UOHS 2020 Elevator Pitch Winners
UOHS 2020 - 1st Place Elevator Pitch Winner
The common cold is one of the most frequent - and most annoying - viral infections of the upper respiratory tract. While symptoms are usually mild, the airborne vector is still highly contagious, contributing to hundreds of millions of schooldays and workdays missed worldwide, annually. Out of all cases of the common cold, over 50% are caused by serotypes of rhinovirus, where infection is largely dependent on viral adhesion to intercellular adhesion molecule 1 (ICAM-1) receptors on the ciliated surfaces of human nasal epithelial cells. While there are some drugs and antivirals in development against rhinovirus, they are rarely seen in clinical use as they are often impractical and/or unsustainable. This research project proposes the genetic engineering of ICAM-1 receptors onto the surface of E. coli as a preliminary trial in determining the efficacy of a bacterial chassis in sequestering a eukaryotic virus. Synthetic biology techniques will be used to clone the proper gene into E. coli, flow cytometry will be used to test for ICAM-1 expression, virulence will be assessed via plaque assay, and aerosol concentrations of rhinovirus will be measured before and after passing through a “mock” nasal canal colonized by our modified E. coli. Finally, if the E. coli chassis proves to be effective in immobilizing rhinovirus particles, the same principles may be applied to highly abundant commensal microbes that live naturally in the human nasal canal. The hope is that we can ultimately create a biological barrier that protects us against the common cold.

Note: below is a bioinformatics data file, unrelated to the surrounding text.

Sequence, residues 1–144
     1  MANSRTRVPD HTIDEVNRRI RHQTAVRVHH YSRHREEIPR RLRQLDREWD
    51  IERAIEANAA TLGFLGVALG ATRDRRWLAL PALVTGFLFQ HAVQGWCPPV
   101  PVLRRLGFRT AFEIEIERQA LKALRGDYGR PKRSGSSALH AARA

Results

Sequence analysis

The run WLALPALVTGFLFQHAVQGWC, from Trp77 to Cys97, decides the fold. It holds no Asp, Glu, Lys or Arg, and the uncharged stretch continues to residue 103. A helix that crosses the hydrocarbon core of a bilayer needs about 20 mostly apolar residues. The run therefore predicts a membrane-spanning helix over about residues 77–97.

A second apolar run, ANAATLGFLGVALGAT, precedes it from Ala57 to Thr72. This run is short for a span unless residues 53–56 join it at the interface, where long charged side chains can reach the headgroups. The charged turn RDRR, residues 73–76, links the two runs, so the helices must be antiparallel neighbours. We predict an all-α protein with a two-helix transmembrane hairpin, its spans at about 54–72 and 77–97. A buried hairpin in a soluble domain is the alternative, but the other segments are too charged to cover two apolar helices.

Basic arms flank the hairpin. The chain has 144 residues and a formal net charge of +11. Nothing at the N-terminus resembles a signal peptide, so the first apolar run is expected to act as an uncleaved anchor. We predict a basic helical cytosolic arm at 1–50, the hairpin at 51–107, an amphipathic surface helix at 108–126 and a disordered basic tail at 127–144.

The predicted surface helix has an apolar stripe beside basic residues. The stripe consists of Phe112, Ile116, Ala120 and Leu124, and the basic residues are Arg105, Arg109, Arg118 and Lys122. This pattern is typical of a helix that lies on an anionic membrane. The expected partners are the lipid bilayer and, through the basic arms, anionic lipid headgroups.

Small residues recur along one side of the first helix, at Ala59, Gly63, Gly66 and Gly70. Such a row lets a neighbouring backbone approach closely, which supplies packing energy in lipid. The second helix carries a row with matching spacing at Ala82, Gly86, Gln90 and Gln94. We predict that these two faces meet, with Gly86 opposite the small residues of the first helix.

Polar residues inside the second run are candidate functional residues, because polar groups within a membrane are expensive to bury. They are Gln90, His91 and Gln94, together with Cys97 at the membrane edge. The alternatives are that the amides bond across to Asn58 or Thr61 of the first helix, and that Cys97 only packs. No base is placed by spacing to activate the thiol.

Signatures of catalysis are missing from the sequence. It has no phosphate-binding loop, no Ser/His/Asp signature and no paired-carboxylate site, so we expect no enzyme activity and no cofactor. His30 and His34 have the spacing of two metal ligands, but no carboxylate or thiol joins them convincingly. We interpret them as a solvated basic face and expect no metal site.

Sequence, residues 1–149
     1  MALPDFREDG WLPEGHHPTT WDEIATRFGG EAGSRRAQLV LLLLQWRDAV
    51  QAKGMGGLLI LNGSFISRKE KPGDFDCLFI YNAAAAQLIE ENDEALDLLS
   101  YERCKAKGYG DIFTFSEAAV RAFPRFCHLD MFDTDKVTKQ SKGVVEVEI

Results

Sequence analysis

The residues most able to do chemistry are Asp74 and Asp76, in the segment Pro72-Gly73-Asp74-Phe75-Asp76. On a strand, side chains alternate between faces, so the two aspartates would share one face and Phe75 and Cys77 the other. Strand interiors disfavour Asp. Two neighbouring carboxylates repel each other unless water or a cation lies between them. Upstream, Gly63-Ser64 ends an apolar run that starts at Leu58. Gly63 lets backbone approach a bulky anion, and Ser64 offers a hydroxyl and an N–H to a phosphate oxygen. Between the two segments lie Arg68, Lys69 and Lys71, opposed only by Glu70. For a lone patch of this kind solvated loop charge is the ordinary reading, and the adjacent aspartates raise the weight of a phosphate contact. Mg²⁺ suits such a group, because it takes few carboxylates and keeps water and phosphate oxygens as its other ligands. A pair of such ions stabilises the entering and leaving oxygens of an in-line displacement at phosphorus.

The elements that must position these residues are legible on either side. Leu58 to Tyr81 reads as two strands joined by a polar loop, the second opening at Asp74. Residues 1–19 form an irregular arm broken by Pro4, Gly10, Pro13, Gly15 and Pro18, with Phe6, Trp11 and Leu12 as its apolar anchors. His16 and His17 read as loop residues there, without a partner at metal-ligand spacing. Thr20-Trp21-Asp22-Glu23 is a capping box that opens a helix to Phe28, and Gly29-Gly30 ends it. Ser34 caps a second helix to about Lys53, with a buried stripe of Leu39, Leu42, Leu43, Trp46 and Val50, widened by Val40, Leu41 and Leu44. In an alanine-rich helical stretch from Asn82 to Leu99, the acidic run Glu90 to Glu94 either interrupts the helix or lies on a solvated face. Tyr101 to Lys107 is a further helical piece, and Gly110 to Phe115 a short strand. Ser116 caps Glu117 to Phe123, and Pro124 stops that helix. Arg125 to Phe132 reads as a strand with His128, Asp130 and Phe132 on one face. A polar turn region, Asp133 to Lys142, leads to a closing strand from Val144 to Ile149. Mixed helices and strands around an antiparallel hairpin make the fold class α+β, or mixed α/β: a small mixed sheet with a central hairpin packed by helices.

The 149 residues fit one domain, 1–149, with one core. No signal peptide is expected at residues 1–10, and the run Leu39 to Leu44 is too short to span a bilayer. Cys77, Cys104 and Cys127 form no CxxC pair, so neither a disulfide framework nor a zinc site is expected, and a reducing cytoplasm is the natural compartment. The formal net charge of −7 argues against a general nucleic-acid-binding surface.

UOHS 2020 - 2nd Place Elevator Pitch Winner
Duchenne muscular dystrophy (DMD) is a skeletal muscle wasting disorder caused by dystrophin deficiency. Dystrophin is not only a structural protein but also involved in activated skeletal muscle stem cell (MuSC) polarization prior to division. Lack of dystrophin results in reduced muscle progenitors and consequently impaired tissue regeneration. Using model animals we have found that Wnt7a and EGF can modulate MuSC division dynamics and ameliorate DMD pathology by increasing MuSC expansion and commitment to tissue regeneration, respectively. This project aims to use healthy and DMD donor induced pluripotent stem cells (iPSC) differentiated into MuSC-like cells to investigate whether Wnt7a and EGF can modulate human MuSC-like progenitor cell division dynamics in the same way. We also aim to generate isogenic dystrophin-null iPSCs from healthy donor lines to identify whether any differences to Wnt7a and EGF treatment between healthy and DMD lines are specifically attributed to dystrophin deficiency. We envisage that this project will provide translational evidence for applying these therapeutic candidates to tackling DMD pathology.
UOHS 2020 - 3rd Place Elevator Pitch Winner